TV Review: The Pete Holmes Show, Series Premiere

Written by Allison Lips

PeteHolmes

The Pete Holmes Show tries to be a combination of a traditional talk show and a sketch comedy show. If the show as an hour, it would work well. However, the show is only a half hour, which works against it.

As a comedian, Pete Holmes has the outlook of Jimmy Fallon with Conan O’Brien’s sensibilities. He’s cheery, quirky, and clearly enjoying life. It’s a refreshing change from David Letterman, Jon Stewart, and Conan O’Brien, whose production company produces The Pete Holmes Show.

The first episode opened with a sketch about the “Ex-Men,” obviously a parody of the X-Men. Comic book fans will appreciate it more than I did, but it was funny. In the sketch, Professor X fired Wolverine for being useless. Since the team constantly battles Magneto, who can manipulate metal, Wolverine is constantly at a disadvantage. Pete’s Professor X pointed out that he could always have Storm defeat Magneto with a hurricane.

After the sketch, Pete does his monologue. Since The Pete Holmes Show doesn’t air the same day it is taped, Pete talks about his own life. He told a story about being the only white man at an Enrique Iglesias concert. Pete found the experience awkward because he was alone, but the man definitely enjoyed that concert and told a funny story. He’s one of the few comedians that doesn’t turn to sarcasm and cynicism and still manages to be funny.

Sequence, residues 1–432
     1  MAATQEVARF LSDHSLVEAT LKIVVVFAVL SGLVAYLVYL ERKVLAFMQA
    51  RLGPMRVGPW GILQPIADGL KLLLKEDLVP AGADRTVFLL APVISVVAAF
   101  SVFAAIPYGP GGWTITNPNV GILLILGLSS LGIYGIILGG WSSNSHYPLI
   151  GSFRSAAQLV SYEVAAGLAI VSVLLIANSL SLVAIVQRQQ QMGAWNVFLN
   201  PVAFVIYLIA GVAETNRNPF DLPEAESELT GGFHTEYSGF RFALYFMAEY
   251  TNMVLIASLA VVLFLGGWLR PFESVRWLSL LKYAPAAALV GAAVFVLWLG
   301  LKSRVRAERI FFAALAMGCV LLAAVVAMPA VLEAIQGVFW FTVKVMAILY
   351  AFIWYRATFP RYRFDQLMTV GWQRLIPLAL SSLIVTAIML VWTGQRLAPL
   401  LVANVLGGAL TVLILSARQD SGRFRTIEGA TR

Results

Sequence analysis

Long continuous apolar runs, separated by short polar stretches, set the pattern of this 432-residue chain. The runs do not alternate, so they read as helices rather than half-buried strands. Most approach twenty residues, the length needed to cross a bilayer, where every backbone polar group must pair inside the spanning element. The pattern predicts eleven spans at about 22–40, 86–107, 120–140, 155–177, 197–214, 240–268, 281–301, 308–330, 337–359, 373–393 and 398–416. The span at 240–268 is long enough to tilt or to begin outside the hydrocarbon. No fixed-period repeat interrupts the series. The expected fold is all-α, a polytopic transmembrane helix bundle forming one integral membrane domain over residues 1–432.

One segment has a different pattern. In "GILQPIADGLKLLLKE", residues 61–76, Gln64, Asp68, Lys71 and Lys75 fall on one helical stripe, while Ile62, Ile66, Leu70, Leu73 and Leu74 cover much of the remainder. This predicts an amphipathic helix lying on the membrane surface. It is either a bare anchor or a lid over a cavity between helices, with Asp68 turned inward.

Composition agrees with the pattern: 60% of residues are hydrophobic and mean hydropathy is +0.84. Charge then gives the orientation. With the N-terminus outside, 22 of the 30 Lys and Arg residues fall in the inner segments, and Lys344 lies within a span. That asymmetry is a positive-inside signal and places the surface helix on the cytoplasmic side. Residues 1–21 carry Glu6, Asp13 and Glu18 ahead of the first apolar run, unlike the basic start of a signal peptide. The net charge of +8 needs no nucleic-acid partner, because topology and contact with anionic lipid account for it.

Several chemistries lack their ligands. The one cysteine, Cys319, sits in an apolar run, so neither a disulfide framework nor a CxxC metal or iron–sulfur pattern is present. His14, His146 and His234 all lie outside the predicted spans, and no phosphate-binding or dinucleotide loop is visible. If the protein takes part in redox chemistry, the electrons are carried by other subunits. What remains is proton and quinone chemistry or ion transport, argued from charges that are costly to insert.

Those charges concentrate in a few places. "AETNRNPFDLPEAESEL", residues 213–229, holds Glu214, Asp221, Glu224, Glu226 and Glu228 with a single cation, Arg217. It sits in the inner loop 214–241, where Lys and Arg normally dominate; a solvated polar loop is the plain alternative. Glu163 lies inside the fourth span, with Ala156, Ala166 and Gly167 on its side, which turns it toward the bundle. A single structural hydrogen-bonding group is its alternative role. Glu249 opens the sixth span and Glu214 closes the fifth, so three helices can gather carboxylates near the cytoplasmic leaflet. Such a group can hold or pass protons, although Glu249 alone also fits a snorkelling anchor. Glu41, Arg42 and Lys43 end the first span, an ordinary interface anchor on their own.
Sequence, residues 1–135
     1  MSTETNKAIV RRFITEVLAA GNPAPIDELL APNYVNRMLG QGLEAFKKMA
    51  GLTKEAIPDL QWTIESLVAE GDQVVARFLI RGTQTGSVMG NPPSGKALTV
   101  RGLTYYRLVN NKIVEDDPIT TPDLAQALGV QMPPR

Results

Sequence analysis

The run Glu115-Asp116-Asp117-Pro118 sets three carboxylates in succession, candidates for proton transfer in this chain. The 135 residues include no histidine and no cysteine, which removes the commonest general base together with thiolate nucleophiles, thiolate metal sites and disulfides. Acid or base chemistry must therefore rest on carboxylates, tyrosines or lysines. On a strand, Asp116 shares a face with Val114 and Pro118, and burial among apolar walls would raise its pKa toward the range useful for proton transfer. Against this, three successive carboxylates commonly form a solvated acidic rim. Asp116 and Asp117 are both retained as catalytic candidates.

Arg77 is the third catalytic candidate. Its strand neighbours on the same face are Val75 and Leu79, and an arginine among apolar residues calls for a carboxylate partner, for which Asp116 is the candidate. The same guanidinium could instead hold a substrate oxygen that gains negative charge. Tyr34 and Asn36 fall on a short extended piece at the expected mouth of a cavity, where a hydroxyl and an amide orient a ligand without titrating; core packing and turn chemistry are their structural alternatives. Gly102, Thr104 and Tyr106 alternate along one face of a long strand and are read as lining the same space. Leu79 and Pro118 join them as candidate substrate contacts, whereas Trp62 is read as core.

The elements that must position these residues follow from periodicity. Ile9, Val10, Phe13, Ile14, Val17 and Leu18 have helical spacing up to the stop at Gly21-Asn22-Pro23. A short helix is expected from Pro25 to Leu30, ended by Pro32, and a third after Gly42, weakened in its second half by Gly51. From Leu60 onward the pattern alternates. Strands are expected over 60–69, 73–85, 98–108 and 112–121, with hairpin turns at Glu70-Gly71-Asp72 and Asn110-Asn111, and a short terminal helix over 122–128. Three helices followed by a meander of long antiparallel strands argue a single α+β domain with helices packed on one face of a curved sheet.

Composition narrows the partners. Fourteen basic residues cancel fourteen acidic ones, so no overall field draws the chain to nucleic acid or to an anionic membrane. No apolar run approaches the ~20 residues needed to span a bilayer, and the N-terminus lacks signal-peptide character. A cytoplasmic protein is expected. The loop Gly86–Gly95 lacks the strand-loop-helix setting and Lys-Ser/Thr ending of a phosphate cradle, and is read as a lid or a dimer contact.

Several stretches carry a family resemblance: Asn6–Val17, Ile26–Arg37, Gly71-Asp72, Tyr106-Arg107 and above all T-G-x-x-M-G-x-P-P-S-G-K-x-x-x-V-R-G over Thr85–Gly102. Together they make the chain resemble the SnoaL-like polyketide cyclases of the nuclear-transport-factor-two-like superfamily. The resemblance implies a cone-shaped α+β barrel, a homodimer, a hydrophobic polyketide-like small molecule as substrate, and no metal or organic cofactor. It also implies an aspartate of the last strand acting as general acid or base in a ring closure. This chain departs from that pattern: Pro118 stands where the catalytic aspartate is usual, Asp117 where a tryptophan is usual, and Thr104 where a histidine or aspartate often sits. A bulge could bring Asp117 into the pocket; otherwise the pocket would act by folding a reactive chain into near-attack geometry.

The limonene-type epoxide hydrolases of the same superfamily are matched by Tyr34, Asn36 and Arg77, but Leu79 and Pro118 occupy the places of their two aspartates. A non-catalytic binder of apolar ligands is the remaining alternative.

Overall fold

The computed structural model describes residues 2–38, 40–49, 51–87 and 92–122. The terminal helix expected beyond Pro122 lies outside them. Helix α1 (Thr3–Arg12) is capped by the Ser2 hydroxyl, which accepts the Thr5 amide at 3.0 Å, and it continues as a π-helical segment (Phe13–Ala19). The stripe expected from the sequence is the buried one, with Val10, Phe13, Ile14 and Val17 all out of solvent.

The monologue was followed by an interview with Jon Stewart, which took place on The Daily Show set. Pete used to be the warm-up comedian for The Daily Show, so the two have a history together. The interview seemed unnecessary because it was short and focused on Jon giving Pete a hard time. Pete is a happy person. It’s hard to watch someone trying to crush his desire to be on The Daily Show, even when it’s just jokingly.

Pete’s first guest on his own set was comedian Kumail Nanjiani. The interview focused on the pair’s decade-long friendship and how the audience won’t recognize either one of them, so Pete probably should have picked a better-known guest. Kumail made a fine guest. In fact, I wish TBS aired the whole interview. Instead, viewers were directed to PeteHolmes.com for the full interview, which seems to be everything that aired as part of the show. It’s a shame that guests on The Pete Holmes Show only get four minutes.

Pete ended the show with a segment called “All The Games,” which takes well-known video games and comes up with joke titles, such as Mormon Kombat. The segment is nothing special. It’s been done millions of times. That’s not to say it wasn’t funny, but it was the one part of the show that Pete didn’t make his own.

The Pete Holmes Show has a lot of potential, but it needs to be expanded to an hour. Even though it’s trying to be different, at heart, the show is basically a modern take on the standard talk show. Hopefully, TBS will realize that Pete Holmes deserves more than a half hour Monday through Thursday between a new episode of Conan and that same episode’s rerun.

Anglophile, Rockabilly, Pompadour lover, TV and Music Critic